A VA home loan may still be possible for those who do not have military discharges characterized as Honorable.
As general rule you are eligible for a Home Loan if you are:
- Honorable (HON)
- Under Honorable Conditions (UHC)
- General (GEN)
These two type of discharges are typically subject to review:
- Other Than Honorable (OTH)
- Bad Conduct.
Will not be eligible for a VA Home Loan:
- Dishonorable Discharge
More detailed explanations are cover below.
VA Home Loan Eligibility Rules For Active Duty Servicemembers Without An Honorable Discharge
Basic VA home loan eligibility rules state that for those who served on Active Duty, any military discharge EXCEPT for Dishonorable may be considered for a VA mortgage. See below for the VA loan rules covering veterans who apply without an Honorable discharge.
VA Loan Rules For Active Duty Service Members Who Apply For VA Mortgage Loans Without An Honorable Discharge
VA loan rules in the VA Lender’s Handbook (VA Pamphlet 26-7) do not go into great detail about the procedures for approving home loans for those active duty service members who left the military without an Honorable discharge. The full quote from the rules that informs the lender is this:
“Cases involving other than honorable discharges will usually require further development by VA. This is necessary to determine if the service was under other than dishonorable conditions.”
Simply put, the VA needs to determine that the borrower does NOT have a Dishonorable discharge. For active duty service members, as long as your discharge was NOT categorized as Dishonorable, you are eligible to apply for VA home loan benefits if you meet the basic requirements for the VA loan program. Those basic requirements are not having a dishonorable discharge and serving a minimum time in uniform. Those minimums may vary depending on when you joined the service. According to VA Pamphlet 26-7, the minimum time-in-service requirements are as follows:
- Active duty service in the Army, Navy, Air Force, Marine Corps, or Coast Guard after September 15, 1940.
- Discharged under conditions other than Dishonorable after either 90 days or more, (any of those days occurring during wartime) or 181 continuous days in peacetime.
There is a different, two-year requirement for veterans who fit the following criteria:
- Began military service after September 7, 1980.
- Began military service as an officer after October 16, 1981.
- Discharged under other than Dishonorable conditions.
VA loan eligibility for these veterans includes the following requirements:
- 24 continuous months of active duty or;
- Serving the full period for which called or ordered to active duty with a minimum 90 days, any part during wartime or 181 continuous days during peacetime.
- Discharged under other than Dishonorable conditions.
VA Loan Rules For Veterans “Found Ineligible” For A VA Home Loan
There is a section in VA Pamphlet 26-7 that addresses what happens if a veteran applies for VA home loan benefits but is found ineligible. According to Chapter Two, Section Eight:
“Additionally, veterans who apply for VA benefits on VA Form 26-1880 and are found ineligible, may be found eligible for the FHA program. If so, they will be issued an FHA Certificate of
Veteran Status concurrent with VA’s notice of denial of eligibility for the VA program.”
The FHA loan program is similar to the VA loan program in many respects, and is a government-backed mortgage loan program. No military service requirement exists for FHA mortgages, but certifying veteran status can be helpful for the purpose of verifying “residual income” from military benefits. Such income can help a veteran qualify for an FHA mortgage along with any other verifiable income source.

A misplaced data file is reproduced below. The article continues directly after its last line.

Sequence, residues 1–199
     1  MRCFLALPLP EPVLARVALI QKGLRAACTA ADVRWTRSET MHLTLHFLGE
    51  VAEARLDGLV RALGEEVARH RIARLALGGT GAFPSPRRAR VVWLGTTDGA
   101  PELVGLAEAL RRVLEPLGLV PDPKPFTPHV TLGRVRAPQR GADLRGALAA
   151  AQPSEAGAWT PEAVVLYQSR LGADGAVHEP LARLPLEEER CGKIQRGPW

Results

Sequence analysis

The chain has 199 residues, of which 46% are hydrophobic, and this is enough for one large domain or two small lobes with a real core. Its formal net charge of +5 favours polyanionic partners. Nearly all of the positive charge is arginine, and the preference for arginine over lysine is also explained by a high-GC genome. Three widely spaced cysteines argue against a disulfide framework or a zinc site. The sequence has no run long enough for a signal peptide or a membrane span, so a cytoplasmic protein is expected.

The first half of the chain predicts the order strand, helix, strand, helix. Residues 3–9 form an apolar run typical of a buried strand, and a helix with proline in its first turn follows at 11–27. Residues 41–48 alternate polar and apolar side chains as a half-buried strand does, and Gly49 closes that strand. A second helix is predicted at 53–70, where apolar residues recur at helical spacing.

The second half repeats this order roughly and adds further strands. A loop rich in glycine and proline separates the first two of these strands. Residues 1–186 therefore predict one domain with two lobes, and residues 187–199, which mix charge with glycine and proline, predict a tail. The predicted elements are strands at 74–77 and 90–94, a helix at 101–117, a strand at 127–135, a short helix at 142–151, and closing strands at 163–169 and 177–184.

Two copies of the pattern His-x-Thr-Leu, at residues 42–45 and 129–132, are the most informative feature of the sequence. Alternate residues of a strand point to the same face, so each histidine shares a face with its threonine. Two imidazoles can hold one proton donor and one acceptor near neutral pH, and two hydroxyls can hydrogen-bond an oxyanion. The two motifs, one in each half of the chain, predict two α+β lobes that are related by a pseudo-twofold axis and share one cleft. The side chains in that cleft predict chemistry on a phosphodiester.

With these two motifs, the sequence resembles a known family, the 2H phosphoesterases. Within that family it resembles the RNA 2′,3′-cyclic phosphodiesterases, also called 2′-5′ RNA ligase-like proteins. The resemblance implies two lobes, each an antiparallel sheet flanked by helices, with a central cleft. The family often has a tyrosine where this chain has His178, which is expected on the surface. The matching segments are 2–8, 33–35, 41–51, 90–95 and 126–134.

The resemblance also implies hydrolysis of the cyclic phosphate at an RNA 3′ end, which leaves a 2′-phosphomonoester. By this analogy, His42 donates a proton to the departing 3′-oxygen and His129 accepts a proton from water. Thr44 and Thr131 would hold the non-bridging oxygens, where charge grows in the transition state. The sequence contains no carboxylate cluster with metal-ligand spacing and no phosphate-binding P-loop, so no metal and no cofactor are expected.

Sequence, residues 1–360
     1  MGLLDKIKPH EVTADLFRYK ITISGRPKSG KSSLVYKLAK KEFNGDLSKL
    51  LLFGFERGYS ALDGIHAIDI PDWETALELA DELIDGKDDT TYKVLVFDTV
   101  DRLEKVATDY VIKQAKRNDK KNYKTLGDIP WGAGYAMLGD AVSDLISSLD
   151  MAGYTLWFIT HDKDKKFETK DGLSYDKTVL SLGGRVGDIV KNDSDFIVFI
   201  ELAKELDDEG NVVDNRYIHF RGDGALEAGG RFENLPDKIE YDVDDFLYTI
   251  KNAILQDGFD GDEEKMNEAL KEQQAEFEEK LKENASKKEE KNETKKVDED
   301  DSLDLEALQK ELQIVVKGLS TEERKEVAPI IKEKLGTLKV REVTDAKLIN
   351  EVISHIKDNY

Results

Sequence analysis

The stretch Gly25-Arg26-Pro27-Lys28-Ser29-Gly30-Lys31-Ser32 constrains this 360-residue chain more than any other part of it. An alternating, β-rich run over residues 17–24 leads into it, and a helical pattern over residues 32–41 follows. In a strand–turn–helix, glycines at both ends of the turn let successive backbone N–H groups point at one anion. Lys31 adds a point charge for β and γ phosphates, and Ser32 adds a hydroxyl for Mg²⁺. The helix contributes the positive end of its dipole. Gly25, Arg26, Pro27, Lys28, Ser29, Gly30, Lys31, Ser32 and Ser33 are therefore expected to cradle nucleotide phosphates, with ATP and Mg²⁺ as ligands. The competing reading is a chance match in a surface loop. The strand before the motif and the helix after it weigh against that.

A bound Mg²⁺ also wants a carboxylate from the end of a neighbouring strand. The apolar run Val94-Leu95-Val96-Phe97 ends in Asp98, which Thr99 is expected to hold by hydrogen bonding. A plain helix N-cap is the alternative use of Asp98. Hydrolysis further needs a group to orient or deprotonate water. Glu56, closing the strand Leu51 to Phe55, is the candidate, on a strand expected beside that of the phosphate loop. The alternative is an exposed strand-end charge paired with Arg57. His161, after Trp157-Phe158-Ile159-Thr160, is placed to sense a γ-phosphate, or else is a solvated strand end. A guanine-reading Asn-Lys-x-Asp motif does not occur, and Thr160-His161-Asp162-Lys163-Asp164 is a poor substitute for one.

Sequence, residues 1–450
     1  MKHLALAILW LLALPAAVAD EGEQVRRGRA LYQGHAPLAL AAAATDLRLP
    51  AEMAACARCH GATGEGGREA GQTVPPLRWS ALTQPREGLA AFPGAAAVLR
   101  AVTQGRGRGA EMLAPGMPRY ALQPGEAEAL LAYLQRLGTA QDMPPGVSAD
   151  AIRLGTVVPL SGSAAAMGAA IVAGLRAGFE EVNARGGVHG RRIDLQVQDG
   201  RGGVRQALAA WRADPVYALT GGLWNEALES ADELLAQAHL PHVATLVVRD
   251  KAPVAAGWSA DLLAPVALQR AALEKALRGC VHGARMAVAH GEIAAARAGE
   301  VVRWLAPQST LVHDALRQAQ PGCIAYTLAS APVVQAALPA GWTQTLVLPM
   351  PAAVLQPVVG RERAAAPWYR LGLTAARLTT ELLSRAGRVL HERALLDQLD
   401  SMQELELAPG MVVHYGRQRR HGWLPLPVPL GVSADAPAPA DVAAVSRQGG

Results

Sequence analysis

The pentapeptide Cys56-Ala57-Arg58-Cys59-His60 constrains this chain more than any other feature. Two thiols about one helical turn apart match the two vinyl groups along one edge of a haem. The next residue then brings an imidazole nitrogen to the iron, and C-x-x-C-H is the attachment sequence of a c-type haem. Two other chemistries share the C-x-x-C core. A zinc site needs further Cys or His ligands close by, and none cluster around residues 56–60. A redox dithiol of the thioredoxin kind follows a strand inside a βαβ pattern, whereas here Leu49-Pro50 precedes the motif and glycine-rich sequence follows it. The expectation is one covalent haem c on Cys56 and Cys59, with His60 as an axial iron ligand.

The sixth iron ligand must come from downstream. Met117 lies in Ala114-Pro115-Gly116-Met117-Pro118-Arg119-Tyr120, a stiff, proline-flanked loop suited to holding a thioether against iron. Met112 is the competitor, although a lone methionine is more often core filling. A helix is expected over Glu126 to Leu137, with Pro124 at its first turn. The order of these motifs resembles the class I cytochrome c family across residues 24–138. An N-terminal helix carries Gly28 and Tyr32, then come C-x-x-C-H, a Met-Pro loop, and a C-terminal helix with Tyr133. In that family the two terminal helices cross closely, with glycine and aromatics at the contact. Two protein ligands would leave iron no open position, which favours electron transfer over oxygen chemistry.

VA Home Loan Eligibility Rules For Surviving Spouses Of Military Members Who Have Died
Unremarried surviving spouses may be eligible for the VA home loan benefit. The VA home loan eligibility rules do not make a distinction with regard to military discharges. VA loan rules simply state that there is no minimum time-in-service requirement in such cases, but that the veteran must have either:
- Died on active duty.
- Died from a service-connected disability.
Obviously, a military member who dies on active duty does not have any kind of military discharge, but those who died from service-connected disabilities may not necessarily have discharged characterized as Honorable. Surviving spouses may need to anticipate extra time required by the VA to verify that the veteran’s discharge was not characterized as Dishonorable, but there is no specific discharge requirement in these circumstances.
The same basic rules here also apply to spouses of those listed as Prisoners of War and Missing in Action, but obviously there is no discharge status to contend with in such cases.
VA Home Loan Eligibility Rules For Guard and Reserve Members Without An Honorable Discharge
According to the VA official site, a military discharge characterized as Honorable IS a requirement for members of the Selected Reserve and National Guard. To qualify for VA home loan benefits as a member of the Guard/Reserve, you must have (if not otherwise eligible) six “credible years” in the Selected Reserve or National Guard. To be eligible for a VA loan the service member must have:
- Served a member of an active unit.
- Performed duty on required weekend drills.
- Participated in two-week active duty training periods.
- Be currently serving or have been discharged with an honorable discharge.
The “six credible years” rule may be waived in some cases if the service member was discharged due to qualifying medical reasons.
Joe Wallace is a 13-year veteran of the United States Air Force and a former reporter for Air Force Television News